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Real ribozymes suggest a relaxed error threshold


The error threshold for replication, the critical copying fidelity below which the fittest genotype deterministically disappears, limits the length of the genome that can be maintained by selection. Primordial replication must have been error-prone, and so early replicators are thought to have been necessarily short1. The error threshold also depends on the fitness landscape. In an RNA world2, many neutral and compensatory mutations can raise the threshold, below which the functional phenotype3, rather than a particular sequence, is still present4,5. Here we show, on the basis of comparative analysis of two extensively mutagenized ribozymes, that with a copying fidelity of 0.999 per digit per replication the phenotypic error threshold rises well above 7,000 nucleotides, which permits the selective maintenance of a functionally rich riboorganism6 with a genome of more than 100 different genes, the size of a tRNA. This requires an order of magnitude of improvement in the accuracy of in vitro–generated polymerase ribozymes7,8. Incidentally, this genome size coincides with that estimated for a minimal cell achieved by top-down analysis9, omitting the genes dealing with translation.

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Figure 1: Mutagenized ribozymes.
Figure 2: Time to extinction in generations as a function of the per digit effective mutation rate (μ*) in a population of constant size with N = 10,000 molecules for the Neurospora VS ribozyme (a,c,e,g) and the hairpin ribozyme (b,d,f,h).
Figure 3: Fraction of mutants with full activity (filled circles) or any activity (open squares), as a function of the number of point mutations.
Figure 4: Relationship between the per digit replication accuracy (q) and the permissible genome size (L) estimated from equation 2 with λ = 0.22 and s = 351.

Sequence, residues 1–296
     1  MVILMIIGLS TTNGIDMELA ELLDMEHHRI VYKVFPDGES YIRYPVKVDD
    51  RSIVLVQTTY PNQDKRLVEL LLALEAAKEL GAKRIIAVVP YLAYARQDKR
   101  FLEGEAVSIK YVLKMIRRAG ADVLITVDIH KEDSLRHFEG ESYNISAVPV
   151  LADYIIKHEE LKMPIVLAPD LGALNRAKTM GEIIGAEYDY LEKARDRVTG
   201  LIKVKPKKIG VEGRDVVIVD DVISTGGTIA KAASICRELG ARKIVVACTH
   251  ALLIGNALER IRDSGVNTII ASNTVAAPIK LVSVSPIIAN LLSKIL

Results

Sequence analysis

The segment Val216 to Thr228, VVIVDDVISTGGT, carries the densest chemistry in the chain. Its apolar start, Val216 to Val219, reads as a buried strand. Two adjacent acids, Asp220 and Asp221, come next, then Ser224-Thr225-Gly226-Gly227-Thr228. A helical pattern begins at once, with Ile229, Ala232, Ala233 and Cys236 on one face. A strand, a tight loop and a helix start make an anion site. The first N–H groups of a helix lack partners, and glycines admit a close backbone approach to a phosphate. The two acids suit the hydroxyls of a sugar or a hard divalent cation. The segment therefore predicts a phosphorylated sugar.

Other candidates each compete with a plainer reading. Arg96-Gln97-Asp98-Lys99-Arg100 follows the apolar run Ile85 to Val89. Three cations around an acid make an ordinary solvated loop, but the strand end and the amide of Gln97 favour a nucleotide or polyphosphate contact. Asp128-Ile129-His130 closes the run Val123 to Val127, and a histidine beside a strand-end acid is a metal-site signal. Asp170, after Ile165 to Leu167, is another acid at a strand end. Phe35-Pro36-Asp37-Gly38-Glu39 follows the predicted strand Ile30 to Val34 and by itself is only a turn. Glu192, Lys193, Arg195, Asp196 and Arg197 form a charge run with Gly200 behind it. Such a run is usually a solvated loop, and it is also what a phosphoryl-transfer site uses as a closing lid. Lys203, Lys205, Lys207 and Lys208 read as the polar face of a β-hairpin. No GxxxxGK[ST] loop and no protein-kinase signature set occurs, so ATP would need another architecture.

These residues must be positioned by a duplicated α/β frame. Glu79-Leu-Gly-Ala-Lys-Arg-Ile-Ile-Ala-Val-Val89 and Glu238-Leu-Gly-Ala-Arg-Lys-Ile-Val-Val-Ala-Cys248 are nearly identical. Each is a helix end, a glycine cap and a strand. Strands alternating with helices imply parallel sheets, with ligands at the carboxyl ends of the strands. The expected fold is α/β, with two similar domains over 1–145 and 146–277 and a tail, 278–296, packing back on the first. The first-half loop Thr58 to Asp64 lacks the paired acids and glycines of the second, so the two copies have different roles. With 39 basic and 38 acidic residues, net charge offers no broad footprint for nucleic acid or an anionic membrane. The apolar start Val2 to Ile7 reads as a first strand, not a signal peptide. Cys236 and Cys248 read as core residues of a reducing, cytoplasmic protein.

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We thank I. Hofacker for his help with the Vienna RNA package, P. Mezey for allowing us to use the computer facilities at MUN (Canada) and F. Kondrashov for comments on an earlier version of the manuscript. Computer facilities were provided by Microdigit. This work was supported by grant and postdoctoral fellowship from the Hungarian National Research Fund (OTKA) to Á.K. M.S. is partially supported by Fundación Ramón Areces (Spain). This work was also supported by the COST D27 action (Prebiotic chemistry and early evolution).

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Correspondence to Eörs Szathmáry.

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Supplementary information

Supplementary Table 1

Mutations of the Neurospora VS ribozyme. (PDF 35 kb)

Supplementary Table 2

Mutations of the Hairpin ribozyme. (PDF 32 kb)

Supplementary Note

Construction of the empirically-supported fitness landscape for the Neurospora VS and the hairpin ribozyme. (PDF 58 kb)

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Kun, Á., Santos, M. & Szathmáry, E. Real ribozymes suggest a relaxed error threshold. Nat Genet 37, 1008–1011 (2005).

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